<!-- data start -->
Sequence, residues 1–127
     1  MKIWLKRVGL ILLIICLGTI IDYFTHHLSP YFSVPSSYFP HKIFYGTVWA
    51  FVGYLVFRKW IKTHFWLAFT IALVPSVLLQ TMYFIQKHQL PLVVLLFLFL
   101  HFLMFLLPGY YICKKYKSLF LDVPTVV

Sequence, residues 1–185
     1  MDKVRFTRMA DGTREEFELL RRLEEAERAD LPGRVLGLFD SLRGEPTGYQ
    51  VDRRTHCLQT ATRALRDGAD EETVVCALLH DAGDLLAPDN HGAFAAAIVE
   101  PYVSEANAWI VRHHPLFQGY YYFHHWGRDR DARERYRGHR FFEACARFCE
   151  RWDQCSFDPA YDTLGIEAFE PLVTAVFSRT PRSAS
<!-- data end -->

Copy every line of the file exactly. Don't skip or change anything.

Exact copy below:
Sequence, residues 1–127
     1  MKIWLKRVGL ILLIICLGTI IDYFTHHLSP YFSVPSSYFP HKIFYGTVWA
    51  FVGYLVFRKW IKTHFWLAFT IALVPSVLLQ TMYFIQKHQL PLVVLLFLFL
   101  HFLMFLLPGY YICKKYKSLF LDVPTVV

Sequence, residues 1–185
     1  MDKVRFTRMA DGTREEFELL RRLEEAERAD LPGRVLGLFD SLRGEPTGYQ
    51  VDRRTHCLQT ATRALRDGAD EETVVCALLH DAGDLLAPDN HGAFAAAIVE
   101  PYVSEANAWI VRHHPLFQGY YYFHHWGRDR DARERYRGHR FFEACARFCE
   151  RWDQCSFDPA YDTLGIEAFE PLVTAVFSRT PRSAS